(k) "Quem dixere chaos, rudis indigestaque moles", Ovid Metamorph. l. 1. Fab. 1.((l) &c. Hesiodi Theogonia. (m) Orphei Argonautica, ver. 12. (n) Martin. Sinic. Hist. l. 1. p. 5. (o) Bibliothec. l. 1. p. 7. (p) Apud Euseb. Praepar. Evangel. l. 2. c. 10. p. 33. (q) Laert. in Vita Thaletis, p. 18. Cicero do Natura Deorum, l. 1.((r) Strabo. Geograph. l. 15. p. 491. (s) Metaphysic. l. 1. c. 3.((t) Zohar in Gen. fol. 107. 3. and fol. 128. 3. Bereshit Rabba, fol. 2. 4. and 6. 3. Vajikra Rabba, sect. 14. fol. 156. 4. Baal Hatturim in loc. Caphtor Uperah, fol. 113. 2.((u) "incubabat", Junius, Tremellius, Piscator, "as a dove on her young", T. Bab. Chagigah, fol. 15. 1.((w) ----and, with mighty wings outspread, Dovelike satst brooding on the vast abyss, And mad'st it pregnant.---- Milton's Paradise Lost, B. 1. l. 20, 21, 22. The same sentiment is in B. 7. l. 234, 235. (x) Laert. in Vita Anaxagor. p. 91. Euseb. Evangel. Praepar. l. 10. c. 14. p. 504. (y) Cicero de Nat. Deorum, l. 1. Lactant, de falsa Relig. l. 1. c. 5. (z) Apud Drusium in loc. (a) Hymn. ver. 1, 2.((b) Euseb. Praepar. Evangel. l. 3. c. 11. p. 115. (c) Apud Ib. l. 2. c. 10. p. 33. (d) Saturnal. l. 7. c. 16. (e) Martin. Sinic. Hist. l. 1. p. 3, 4. (f) In Avibus. (g) Ian Taylor, p. 363, 364, "In the Minds of Men", 1984, TEF Publishing, P.O. Box 5015, Stn. F, Toronto, Canada.

And the earth was {b} without form, and void; and {c} darkness was upon the face of the deep. And the Spirit of God {d} moved upon the face of the waters.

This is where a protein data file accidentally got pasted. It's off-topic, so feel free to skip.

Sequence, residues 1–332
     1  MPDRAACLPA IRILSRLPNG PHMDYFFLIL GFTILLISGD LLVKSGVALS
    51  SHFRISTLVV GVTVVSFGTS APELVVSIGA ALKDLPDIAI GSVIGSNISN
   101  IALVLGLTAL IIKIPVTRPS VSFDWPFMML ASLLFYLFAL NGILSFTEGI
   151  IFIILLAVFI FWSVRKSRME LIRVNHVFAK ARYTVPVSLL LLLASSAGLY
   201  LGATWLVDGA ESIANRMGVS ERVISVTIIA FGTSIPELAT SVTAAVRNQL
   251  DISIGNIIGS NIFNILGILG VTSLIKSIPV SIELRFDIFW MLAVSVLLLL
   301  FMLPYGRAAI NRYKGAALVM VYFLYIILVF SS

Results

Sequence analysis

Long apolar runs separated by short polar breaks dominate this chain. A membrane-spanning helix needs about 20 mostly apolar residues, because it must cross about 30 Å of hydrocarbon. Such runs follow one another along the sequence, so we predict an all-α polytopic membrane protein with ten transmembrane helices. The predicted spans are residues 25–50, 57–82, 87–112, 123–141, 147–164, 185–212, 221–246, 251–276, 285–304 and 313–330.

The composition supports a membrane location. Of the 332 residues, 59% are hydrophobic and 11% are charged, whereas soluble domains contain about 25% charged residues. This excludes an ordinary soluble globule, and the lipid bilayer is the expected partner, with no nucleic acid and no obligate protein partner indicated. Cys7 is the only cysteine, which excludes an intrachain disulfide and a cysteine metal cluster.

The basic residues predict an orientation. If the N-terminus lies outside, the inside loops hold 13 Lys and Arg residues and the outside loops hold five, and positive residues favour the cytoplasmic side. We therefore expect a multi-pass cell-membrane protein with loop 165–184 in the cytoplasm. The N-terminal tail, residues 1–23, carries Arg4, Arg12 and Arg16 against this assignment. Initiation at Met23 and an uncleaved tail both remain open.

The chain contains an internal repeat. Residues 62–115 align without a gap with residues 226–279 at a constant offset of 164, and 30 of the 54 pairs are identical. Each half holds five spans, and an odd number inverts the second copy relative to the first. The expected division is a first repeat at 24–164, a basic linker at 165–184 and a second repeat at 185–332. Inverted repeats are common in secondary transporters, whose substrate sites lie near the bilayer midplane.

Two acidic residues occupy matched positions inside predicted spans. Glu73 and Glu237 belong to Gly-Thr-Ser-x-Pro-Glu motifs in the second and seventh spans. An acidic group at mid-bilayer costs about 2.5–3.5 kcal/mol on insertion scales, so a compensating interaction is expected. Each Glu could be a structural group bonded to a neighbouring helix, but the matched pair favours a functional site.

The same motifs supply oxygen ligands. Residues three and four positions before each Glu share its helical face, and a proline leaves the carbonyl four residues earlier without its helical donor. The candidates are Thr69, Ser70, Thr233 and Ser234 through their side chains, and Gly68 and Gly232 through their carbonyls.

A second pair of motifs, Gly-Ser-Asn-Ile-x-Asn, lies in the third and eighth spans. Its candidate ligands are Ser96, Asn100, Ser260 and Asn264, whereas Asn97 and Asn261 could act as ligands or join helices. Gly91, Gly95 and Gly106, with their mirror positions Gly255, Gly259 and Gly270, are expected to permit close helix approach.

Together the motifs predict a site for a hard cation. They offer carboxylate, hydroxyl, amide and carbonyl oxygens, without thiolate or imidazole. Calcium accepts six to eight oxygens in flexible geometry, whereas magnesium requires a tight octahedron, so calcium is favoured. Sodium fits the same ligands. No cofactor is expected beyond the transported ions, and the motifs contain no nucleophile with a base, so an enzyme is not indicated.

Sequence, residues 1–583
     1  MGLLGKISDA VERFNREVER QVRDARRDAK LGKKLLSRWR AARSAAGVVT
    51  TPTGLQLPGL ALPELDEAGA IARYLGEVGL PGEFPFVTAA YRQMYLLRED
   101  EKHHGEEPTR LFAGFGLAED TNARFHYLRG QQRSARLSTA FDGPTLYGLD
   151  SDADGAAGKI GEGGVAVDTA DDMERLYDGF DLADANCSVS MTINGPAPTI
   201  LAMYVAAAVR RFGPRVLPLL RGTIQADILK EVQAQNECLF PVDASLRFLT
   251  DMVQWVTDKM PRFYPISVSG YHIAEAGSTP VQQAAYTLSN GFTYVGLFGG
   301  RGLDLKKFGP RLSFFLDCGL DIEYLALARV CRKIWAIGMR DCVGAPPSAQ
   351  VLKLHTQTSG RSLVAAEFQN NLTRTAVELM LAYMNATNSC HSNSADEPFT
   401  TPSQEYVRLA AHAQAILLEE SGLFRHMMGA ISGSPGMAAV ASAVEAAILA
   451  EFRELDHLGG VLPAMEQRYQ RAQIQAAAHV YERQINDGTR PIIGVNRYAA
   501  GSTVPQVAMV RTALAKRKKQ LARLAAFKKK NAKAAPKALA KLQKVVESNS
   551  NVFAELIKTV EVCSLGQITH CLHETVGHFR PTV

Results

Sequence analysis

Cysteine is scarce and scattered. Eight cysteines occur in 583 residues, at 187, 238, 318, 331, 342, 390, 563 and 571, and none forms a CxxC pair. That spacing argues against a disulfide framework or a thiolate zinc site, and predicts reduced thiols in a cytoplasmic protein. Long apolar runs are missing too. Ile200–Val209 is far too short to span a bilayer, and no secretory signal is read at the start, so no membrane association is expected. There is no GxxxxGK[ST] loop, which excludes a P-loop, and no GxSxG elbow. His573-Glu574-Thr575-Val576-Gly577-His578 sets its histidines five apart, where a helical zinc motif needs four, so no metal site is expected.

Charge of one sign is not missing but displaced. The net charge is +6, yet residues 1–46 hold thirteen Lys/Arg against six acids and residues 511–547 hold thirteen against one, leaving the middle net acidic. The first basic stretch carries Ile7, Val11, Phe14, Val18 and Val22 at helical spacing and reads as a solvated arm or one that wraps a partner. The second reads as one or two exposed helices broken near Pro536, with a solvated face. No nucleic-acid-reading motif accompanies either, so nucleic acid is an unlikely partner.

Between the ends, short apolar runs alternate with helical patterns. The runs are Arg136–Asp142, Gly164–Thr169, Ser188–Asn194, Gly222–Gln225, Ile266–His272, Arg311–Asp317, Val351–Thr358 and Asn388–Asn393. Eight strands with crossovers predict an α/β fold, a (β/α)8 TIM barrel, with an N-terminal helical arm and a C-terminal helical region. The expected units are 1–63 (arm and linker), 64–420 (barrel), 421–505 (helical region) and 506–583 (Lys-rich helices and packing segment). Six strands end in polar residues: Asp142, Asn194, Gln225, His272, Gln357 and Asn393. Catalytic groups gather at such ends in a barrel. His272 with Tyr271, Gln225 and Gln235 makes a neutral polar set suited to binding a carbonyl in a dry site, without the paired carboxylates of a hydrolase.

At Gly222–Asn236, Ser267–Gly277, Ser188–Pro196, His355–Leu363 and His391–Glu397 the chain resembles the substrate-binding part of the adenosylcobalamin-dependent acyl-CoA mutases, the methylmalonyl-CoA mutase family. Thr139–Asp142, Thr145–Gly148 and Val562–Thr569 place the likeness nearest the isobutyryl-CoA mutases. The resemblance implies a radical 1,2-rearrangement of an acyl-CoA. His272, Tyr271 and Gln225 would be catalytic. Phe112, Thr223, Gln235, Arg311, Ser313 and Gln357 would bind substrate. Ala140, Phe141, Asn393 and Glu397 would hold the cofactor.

(b) As an unformed lump and without any creature in it: for the waters covered everything.

(c) Darkness covered the deep waters, for the waters covered everything.

(d) He maintained this disordered mass by his secret power.

2. And the earth, &c.] Notice, in the present verse, (1) that “darkness” exists which God is not said to have made: (2) that “waters” exist before the formation of the seas: (3) that “the spirit of God” is mentioned, without explanation of its nature or origin, as “brooding upon the face of the waters.” The whole picture is vague and obscure, because the touches, by which it is conveyed, are left unexplained. The old monstrous and grotesque figures with which primitive Semitic, and possibly primitive Hebrew, imagination sought to fill up the void of the unimaginable past, have been left out. The gap which they filled is not wholly supplied. The description is brief and condensed. But, even making allowance for the brevity of the narrative, we are conscious of the presence of features in it, which represent the dim and cancelled outlines of an earlier mythological story. The thought of the Israelite reader is elevated to a higher religious plane in this simple and stately account.